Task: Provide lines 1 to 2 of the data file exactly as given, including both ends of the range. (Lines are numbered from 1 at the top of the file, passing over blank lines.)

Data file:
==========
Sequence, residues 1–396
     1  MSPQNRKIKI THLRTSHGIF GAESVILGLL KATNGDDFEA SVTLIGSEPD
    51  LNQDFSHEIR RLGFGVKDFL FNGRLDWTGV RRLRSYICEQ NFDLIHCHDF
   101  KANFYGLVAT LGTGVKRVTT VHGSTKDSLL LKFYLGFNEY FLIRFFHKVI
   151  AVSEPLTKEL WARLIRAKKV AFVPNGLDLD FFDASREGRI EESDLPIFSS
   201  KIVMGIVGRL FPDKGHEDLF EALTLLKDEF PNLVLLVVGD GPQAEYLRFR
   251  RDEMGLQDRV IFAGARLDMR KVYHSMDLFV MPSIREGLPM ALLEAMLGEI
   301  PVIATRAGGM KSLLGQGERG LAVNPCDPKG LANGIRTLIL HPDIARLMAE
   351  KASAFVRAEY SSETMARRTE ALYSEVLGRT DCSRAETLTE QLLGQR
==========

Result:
Sequence, residues 1–396
     1  MSPQNRKIKI THLRTSHGIF GAESVILGLL KATNGDDFEA SVTLIGSEPD